Home to a wide variety of common and endemic flora, India and its various climates provide an interesting array of flowers. From the Valley of Flowers in Himalaya to the arid deserts of Tirunelveli, India possesses enough color to amaze even the novice flower enthusiast. Flowering plants of India thrive and exist both endemically and all over the world.
Acampe, a species of orchid, is found throughout the tropical parts of India as well as other parts of tropical Asia. Named from the Greek word for "rigid," acampe flowers are inflexible, brittle and slow-growing. The plant produces thick, meaty vines that grow to massive sizes, nearly hiding the small yellow orchid flowers. The flowers release a pleasant fragrance when they bloom. Growing acampe requires well-drained black soil with plenty of kitchen compost to keep the plant nourished. Long, bi-weekly waterings in subtropical or temperate climates can keep the plant thriving through the warmest months.
Known by alternative names like life plant, donkey ears and Mexican love plant, the air plant thrives in India's tropical and subtropical regions as well as throughout the Americas. The shrub grows to be about three feet in height, producing multiple tube-like blossoms. The flowers of the air plant vary in color from deep reddish purple to yellowish orange. Unlike many tropical plants, the air plant also thrives in rocky soil with minimal access to water, making it a wonderful desert landscaping plant. It also makes an excellent houseplant that is tolerant of everyday life, from pet dander and cooking fumes to cigarette smoke.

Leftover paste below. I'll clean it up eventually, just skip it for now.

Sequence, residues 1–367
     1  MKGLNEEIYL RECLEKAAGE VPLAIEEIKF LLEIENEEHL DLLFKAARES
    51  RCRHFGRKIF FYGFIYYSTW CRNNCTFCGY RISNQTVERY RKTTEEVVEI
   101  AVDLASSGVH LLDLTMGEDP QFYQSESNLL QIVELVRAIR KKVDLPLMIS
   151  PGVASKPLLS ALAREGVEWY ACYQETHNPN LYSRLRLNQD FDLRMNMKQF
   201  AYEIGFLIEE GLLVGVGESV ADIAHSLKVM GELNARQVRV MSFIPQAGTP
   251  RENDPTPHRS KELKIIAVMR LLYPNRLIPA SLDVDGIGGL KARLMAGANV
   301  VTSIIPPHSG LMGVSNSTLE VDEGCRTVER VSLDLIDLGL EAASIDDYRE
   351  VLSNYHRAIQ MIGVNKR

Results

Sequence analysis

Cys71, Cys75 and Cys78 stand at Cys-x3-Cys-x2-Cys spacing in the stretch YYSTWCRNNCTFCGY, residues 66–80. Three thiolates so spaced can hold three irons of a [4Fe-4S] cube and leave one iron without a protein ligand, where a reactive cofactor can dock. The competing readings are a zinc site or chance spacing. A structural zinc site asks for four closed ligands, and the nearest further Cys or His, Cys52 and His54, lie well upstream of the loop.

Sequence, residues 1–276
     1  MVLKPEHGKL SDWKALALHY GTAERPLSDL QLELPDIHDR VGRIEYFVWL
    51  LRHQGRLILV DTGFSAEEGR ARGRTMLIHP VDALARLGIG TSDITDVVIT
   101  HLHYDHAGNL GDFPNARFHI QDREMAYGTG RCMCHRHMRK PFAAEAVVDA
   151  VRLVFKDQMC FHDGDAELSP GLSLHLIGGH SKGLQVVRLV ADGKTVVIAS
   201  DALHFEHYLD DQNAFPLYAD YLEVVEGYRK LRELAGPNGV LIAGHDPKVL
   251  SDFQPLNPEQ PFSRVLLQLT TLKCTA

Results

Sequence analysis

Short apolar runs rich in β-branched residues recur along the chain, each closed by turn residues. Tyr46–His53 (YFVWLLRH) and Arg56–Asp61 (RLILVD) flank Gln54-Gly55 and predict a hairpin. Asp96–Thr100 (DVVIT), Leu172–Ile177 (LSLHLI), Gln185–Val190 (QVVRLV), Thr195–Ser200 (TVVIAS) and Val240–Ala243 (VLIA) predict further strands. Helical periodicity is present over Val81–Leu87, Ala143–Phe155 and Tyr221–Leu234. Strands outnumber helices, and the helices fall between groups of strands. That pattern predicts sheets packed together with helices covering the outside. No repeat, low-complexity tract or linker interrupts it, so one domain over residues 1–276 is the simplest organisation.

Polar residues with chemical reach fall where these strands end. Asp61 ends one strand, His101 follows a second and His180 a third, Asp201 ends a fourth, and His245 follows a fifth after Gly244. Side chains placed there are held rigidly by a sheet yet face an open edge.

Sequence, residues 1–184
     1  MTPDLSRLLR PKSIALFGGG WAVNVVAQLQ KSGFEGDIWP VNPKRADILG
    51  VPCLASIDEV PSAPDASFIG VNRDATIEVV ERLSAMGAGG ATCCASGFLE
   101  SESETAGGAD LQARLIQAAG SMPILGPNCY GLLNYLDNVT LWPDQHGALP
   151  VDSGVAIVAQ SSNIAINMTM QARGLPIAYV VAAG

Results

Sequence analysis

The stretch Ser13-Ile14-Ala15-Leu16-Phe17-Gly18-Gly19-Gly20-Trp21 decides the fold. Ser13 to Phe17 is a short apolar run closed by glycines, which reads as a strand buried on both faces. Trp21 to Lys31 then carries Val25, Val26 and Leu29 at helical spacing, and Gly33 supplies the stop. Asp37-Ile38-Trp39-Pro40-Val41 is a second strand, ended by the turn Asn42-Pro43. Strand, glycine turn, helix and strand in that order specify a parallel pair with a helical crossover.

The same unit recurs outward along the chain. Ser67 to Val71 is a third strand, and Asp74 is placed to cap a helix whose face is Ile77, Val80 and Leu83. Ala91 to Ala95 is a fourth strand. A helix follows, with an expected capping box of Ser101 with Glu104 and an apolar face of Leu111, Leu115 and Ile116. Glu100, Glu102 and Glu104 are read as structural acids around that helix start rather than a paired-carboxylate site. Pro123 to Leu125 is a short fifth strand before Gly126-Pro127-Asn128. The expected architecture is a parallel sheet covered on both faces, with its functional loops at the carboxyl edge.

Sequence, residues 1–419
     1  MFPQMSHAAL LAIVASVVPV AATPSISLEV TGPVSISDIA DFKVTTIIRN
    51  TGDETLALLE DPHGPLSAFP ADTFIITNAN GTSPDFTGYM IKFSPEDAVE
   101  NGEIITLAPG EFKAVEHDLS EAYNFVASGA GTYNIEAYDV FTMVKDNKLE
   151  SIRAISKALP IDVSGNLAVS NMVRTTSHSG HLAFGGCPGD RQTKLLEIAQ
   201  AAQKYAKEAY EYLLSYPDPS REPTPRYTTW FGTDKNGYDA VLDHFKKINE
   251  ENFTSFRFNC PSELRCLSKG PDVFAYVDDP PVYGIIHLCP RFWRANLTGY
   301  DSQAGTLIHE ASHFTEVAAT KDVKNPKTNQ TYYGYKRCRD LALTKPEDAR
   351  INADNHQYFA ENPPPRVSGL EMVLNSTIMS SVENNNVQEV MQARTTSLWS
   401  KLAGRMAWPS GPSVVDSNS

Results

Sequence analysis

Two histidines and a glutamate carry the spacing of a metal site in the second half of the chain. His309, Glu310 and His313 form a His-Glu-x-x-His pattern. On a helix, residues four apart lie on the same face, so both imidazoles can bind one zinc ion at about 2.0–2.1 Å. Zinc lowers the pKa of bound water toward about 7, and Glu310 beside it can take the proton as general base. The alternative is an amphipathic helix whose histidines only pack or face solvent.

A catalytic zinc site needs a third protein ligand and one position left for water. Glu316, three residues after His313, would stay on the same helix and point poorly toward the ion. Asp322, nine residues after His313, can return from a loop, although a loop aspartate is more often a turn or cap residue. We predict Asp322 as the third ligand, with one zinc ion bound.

A lemon-like tree native to the colder, northern parts of India, citron produces a variety of small, fragrant blossoms that range in color from white to purple. The fruits resemble oddly shaped limes, with thick, pitted green skin. An evergreen tree, citron thrives in temperate and colder climates where it can be propagated by either seed or tree cuttings. It prefers well-drained, peat-enriched soil with long drinks of water once a week.
Corn cockles grow wildly throughout the highlands and the wetlands of India and thrive all over the world in shaded cottage gardens. It produces long, twining stems and lavender flowers that have black streaks along each petal. Growing corn cockles isn't a good idea if you have children or curious pets, as the flower is toxic and can poison whoever or whatever ingests it. Grow it along the fences of your garden in well-mulched soil.